Another selling point of the Osborne/Volkov recording is it includes the awesome Diversions and Young Apollo. Both works for piano and orchestra. Definitely check it out.
    Last edited by Neo Romanza; May-22-2013 at 01:36.
    "Music is enough for a lifetime, but a lifetime is not enough for music." - Sergei Rachmaninov

  8. #97
    Senior Member Vaneyes's Avatar
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  10. #98
    Senior Member peeyaj's Avatar
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    What Britten thought of other composers:

    Brahms: In his younger days, Britten liked Brahms, but then reacted against his music.

    Beethoven: Ambivalent, but respectful.

    Mozart, Schubert: "loved without qualification."

    Bach, Dowland, Purcell: Britten "liked" them.

    Mahler: Britten learned to appreciate Mahler after hearing his Fifth Symphony. He went to a concert to hear a "fashionable" concerto, expecting to be bored by the preceding Mahler symphony, but it turned out to be the other way around.

    Tchaikovsky, Debussy, Ravel: Britten liked them, especially for their skill in orchestration.

    Stravinsky: Britten liked his early works, but didn't like the Paris "chic air" that was associated with his later works.

    Shostakovich: Britten was friends with him, and loved his works.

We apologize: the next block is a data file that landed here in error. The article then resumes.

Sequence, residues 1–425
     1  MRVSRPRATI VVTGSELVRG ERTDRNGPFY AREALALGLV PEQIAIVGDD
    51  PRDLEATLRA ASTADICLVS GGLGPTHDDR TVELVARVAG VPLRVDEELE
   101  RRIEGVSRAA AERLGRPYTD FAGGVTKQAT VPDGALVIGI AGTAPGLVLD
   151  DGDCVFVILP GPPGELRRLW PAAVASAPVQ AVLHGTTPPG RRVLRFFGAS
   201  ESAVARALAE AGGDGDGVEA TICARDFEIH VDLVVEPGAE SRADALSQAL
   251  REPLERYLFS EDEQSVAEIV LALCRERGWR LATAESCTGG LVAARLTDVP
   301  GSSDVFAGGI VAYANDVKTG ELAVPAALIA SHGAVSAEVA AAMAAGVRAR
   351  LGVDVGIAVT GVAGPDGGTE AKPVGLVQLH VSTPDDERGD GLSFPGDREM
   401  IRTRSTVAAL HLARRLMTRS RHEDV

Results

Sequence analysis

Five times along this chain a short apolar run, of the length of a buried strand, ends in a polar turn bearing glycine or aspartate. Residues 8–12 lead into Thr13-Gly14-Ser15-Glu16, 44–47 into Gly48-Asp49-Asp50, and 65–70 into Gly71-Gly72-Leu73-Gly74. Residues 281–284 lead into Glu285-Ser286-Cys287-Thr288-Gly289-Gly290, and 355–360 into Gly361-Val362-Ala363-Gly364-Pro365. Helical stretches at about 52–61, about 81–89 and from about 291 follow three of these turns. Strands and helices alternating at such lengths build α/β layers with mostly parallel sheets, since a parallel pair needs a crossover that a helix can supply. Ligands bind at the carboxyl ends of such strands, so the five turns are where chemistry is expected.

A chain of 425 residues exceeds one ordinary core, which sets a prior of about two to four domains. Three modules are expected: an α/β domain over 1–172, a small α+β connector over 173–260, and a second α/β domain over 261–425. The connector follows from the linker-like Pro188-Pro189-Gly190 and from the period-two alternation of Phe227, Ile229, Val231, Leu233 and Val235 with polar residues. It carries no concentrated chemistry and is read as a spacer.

Source: http://www.cco.caltech.edu/~tan/Britten/britpears.html

    So, Mozart and Schubert were his favorite composers. I like Britten even more!!
    Schubert manages that most supreme of feats, to be melancholy without being maudlin, his pain is not a mockery of pain but truly heartfelt, and he manages to pass that though with all of its complexities in his music.

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  12. #99
    Senior Member Vaneyes's Avatar
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    Quote Originally Posted by peeyaj View Post
    ....Source: http://www.cco.caltech.edu/~tan/Britten/britpears.html

    So, Mozart and Schubert were his favorite composers. I like Britten even more!!
    But can we rely on Peter Pears' memory, when he also asserts, "He had a strong conscience, sense of honor, and standards. He did not easily forgive people who violated his moral standards." Or, "I think the key to his music lies in his moral point of view combined with his craving for lost innocence brought on by his increasing disillusionment with man"

    To the contrary...

    Britten link (pdf) at...

    http://www.wrightmusic.net/pages/composers.html

    Britten: More Thoughts (pdf) at...

    www.wrightmusic.net/pdfs/britten-more-thoughts.pdf

  13. #100
    Senior Member peeyaj's Avatar
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    David Wright is a well-known troll. His articles on MusicWeb International was removed because of his inflammatory writings on composers he didn't like. He had a particular ax to grind to Schubert, Chopin, Britten and Elgar.

    http://members2.boardhost.com/MusicW...359947484.html

    His article about Schubert is such a trite, bitter and ill-researched that I considered it a comedic masterpiece.